Wednesday, October 21, 2015

Zoo’s Lion Pride Welcomes Three Adorable Cubs

New exhibit will allow up-close viewing when cubs debut in spring 2016

Posted: Tuesday, October 20, 2015 

With their awesome strength and intense beauty, lions are one of Africa’s most iconic animals. Yet as these regal cats are in decline in the wild, three adorable newborns at the Indianapolis Zoo will help inspire awareness and support for conservation of the species.
The African lion cubs, two males and a female, were born on Sept. 21 to first-time parents, mother Zuri and father Nyack. When Zookeepers arrived that day, they found that 9-year-old Zuri had already delivered her first cub sometime during the night or early morning. The others followed around 10am and 1:15pm. These are the first lions born at the Zoo since 2003. Adult lions are one of the most fearsome predators on Africa’s plains, yet newborns are defenseless and rely solely on their mothers for survival. Zuri has shown excellent maternal behavior and is a caring, protective mom to her trio.

The youngsters are nursing well and growing, currently weighing between 7.5 and 9.5 pounds. Like all lion cubs, the Zoo’s babies were born with mottled fur. Their dark spots will eventually fade, though some young adults still show hints of brown in their sleek, golden coats.

Zuri and her cubs will remain indoors for several months to protect the health of the newborns. The family is expected to make its debut in spring 2016, and at that time guests will be able to get closer than ever before. Renovations are currently under way at the lion exhibit presented by MainSource Bank, where new glass windows and expanded viewing areas will allow visitors to get within inches of the ferocious felines.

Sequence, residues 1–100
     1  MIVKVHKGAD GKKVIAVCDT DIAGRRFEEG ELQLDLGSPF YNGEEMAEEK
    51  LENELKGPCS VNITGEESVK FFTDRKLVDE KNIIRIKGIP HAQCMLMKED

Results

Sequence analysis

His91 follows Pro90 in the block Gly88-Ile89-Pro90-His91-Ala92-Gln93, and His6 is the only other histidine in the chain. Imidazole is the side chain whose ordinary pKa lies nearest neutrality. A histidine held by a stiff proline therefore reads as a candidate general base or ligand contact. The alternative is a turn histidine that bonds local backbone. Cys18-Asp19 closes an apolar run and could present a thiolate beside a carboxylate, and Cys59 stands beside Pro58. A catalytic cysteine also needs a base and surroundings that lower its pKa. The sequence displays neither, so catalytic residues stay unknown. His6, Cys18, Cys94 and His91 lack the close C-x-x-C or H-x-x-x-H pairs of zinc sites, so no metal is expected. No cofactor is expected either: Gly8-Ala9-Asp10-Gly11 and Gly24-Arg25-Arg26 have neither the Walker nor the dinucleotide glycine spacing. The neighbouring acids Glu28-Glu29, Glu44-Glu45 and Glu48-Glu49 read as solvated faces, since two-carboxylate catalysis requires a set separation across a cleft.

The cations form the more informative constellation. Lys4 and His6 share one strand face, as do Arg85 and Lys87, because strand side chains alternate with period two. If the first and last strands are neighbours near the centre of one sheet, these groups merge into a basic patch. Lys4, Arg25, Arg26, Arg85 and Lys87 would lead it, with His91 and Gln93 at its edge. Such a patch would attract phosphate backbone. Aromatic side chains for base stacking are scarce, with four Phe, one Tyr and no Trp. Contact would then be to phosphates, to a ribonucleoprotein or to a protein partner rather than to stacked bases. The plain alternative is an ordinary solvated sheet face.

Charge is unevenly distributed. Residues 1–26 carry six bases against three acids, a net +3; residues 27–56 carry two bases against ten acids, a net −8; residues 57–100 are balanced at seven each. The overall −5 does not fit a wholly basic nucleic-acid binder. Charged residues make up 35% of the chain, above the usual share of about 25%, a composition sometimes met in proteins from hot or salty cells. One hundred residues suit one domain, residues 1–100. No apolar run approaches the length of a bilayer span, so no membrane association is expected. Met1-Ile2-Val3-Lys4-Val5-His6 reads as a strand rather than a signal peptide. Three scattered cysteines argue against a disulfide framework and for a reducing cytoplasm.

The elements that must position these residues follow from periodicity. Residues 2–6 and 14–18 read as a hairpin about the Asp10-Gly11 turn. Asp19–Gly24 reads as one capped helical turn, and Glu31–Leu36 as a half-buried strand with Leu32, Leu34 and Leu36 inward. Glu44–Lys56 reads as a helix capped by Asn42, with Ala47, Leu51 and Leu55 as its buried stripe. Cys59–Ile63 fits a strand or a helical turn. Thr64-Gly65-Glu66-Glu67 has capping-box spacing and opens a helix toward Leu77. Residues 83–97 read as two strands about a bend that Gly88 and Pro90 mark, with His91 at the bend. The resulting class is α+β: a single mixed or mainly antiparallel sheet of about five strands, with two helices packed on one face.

Even before visitors have a chance to come face to fuzzy face with the new cubs, they can vote on the babies’ names through a poll on the Zoo’s Facebook page. More details will be announced soon. Indianapolis Zoo babies are presented by Hendricks Regional Health.
In the wild, lions are the only big cats that live in family groups, called prides. Males, distinguishable by their thick, dark manes, are the defenders of the pride and its territory, while the females hunt and provide for the group.

A formidable combination of power and prowess, these big cats have no natural predators. Yet lion populations throughout Africa have declined by an estimated 42 percent in the past 21 years due mainly to conflicts with humans, including poachers, farmers and trophy hunters. As a result, African lions are vulnerable to extinction. The Indianapolis Zoo is helping to preserve Africa’s biodiversity by supporting multiple conservation efforts there. Additionally, the lions at the Zoo serve as ambassadors, helping to raise awareness for the threats the species faces.


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